Painting: Eaton Hamilton Couples Counseling, unsure of size, oil sticks and fingerpainting, 2022
The one time I went, for a period of about 6 weeks, I loathed couple’s counseling. I didn’t have an ethical person to attend with. My partner had already told me weeks before we attended that she was leaving me, and then, even despite our long talks about logistics, later claimed I’d fabricated this. On my side, I was desperately trying to get my partner to re-engage, and for that we needed truth on the table, but her agenda was to “win” the therapist so the therapist would find me unreliable. My partner was very calculated, very buttery faux-warm, and it worked, and it then became hard for the therapist to believe anything I said, and for me to respect the therapist. I needed to talk about a series of gaslights, and my ex saying I made up stories, rather than telling the truth, and the therapist chided me because, she said, my ex was obviously sincere.
I’d been feeling, after an increase in violence at home, imperiled, and I left counseling after my ex confided to the therapist that she’d been “waiting and waiting and waiting for [her] to die.”
Hello? I had time with that partner. I knew when she was sincere and when she was manipulating a situation, though I, like many others who knew her less well, tried not to believe she was as Machiavellian as she truly was. I’d had to see, and emphasize, the good side of her to stay. It turned out she was about to manipulate every “helping person” that came our way. The therapist, but later her lawyer, my (!) lawyer, two divorce counselors, all our mutual friends.
You both must form an intent to save the relationship for things to work in couples counseling, or don’t bother. That’s what I learned.
This week the Doomsday Clock moved up to 90 seconds to midnight. I watched bleakly, wondering if we’d be able to pull it back, sad and alarmed for all the children who are having to grow up around such complicated adult destruction.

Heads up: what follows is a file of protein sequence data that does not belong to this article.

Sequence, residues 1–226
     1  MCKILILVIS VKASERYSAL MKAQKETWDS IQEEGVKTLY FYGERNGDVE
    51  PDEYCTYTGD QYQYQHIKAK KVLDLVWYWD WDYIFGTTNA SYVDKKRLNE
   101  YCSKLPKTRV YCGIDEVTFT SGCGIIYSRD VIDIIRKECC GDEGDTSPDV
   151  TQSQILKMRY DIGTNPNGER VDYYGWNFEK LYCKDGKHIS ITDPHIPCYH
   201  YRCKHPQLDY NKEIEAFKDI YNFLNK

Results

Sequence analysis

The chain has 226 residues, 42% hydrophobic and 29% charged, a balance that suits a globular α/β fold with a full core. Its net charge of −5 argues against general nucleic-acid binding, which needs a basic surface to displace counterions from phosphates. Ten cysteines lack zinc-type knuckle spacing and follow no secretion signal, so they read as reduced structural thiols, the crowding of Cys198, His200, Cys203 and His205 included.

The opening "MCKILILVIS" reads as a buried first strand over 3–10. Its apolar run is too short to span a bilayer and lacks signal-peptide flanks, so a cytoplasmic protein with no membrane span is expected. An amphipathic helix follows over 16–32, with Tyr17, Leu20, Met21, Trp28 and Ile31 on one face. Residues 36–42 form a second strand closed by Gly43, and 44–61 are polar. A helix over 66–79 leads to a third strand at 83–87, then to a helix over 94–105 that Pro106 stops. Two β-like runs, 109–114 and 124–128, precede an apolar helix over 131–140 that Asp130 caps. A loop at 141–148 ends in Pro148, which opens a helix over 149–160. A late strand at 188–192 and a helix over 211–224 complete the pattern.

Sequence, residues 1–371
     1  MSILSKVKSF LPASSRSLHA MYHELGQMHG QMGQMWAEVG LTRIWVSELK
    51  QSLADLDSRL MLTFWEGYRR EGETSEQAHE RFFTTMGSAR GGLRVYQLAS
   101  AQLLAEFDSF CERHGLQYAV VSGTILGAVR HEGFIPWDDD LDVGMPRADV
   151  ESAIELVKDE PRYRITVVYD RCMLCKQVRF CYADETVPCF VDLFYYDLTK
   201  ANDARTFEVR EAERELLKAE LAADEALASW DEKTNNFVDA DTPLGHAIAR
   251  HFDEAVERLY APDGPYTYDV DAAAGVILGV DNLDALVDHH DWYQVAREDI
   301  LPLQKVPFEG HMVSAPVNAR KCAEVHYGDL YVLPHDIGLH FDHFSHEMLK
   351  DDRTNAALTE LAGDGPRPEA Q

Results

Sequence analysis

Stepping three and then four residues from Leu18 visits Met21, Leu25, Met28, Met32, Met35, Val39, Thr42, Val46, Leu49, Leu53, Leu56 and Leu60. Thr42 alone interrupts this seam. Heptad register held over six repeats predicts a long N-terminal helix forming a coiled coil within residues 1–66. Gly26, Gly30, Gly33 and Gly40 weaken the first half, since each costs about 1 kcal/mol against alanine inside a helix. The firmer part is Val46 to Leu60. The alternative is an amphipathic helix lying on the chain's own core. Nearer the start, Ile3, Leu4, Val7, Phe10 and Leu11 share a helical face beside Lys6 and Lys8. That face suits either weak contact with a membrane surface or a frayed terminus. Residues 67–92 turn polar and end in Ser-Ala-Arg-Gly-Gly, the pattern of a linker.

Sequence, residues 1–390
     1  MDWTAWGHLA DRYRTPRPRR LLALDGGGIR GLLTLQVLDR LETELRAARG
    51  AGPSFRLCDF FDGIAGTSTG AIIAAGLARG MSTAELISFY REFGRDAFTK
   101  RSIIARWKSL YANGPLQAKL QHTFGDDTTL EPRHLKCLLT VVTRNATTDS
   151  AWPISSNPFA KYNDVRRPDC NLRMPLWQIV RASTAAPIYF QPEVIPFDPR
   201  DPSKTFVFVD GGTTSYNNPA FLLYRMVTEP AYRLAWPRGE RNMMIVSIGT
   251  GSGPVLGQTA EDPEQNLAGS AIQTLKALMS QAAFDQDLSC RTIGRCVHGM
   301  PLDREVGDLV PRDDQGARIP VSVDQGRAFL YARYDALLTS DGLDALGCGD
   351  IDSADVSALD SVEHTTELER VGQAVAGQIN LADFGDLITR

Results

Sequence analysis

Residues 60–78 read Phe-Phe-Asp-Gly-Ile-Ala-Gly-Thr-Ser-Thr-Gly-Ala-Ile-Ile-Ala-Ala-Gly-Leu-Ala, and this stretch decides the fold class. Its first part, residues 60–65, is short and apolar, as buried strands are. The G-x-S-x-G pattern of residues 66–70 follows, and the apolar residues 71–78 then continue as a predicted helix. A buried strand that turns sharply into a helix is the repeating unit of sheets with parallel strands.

But I also wondered how parents who take their children to dance, or soccer, or piano hoping they’ll have a leg-up as adults, who plonk helmets on their heads and buckle them into car seats, who feed them 3-square and make sure they get enough sleep, justify letting them sit in toxic air all day in school without the protections of masks and HEPAs. I wondered if they will have intact bodies after many, many covid infections, and if they don’t, as now seems increasingly likely, whether they will be mad. Furious. Livid at the parents who disabled them.
Another young Black man, this time in Memphis, was lynched by police. Mass shootings in CA targeted Asian Americans.
How can we cope? What can we do? How can we change things?
When I am desolate and there seems no way out, I keep Margaret Mead’s quote in mind:
“Never doubt that a small group of thoughtful committed individuals can change the world.In fact, it’s the only thing that ever has.”
Painting by Eaton Hamilton 2022/23 12×12″ on stretched canvas, oil, The Friendship (maybe they’re discussing Susan Meachen)
ID: Two yt women lying on a floatie at the edge of a swimming pool, holding hands, blue and white towel on side of pool
How desperate are you to succeed in the lit world? People have faked a lot of things in writing–faked their identities, faked being Indigenous or Black, passed other authors’ texts off as their own work, and now, have even pretended to commit suicide. Would you fake your own death to increase your sales? Well, romance writer Susan Meachen did, while having her”sister” continue to post on social media, until, finally this week, 2.5 years into it and wanting her old life back, she came clean. She apparently didn’t think she’d done anything wrong, but the moral injuries others feel are heightened.
Painting: Eaton Hamilton, 2022, oil and acrylic on stretched canvas, 30″x40″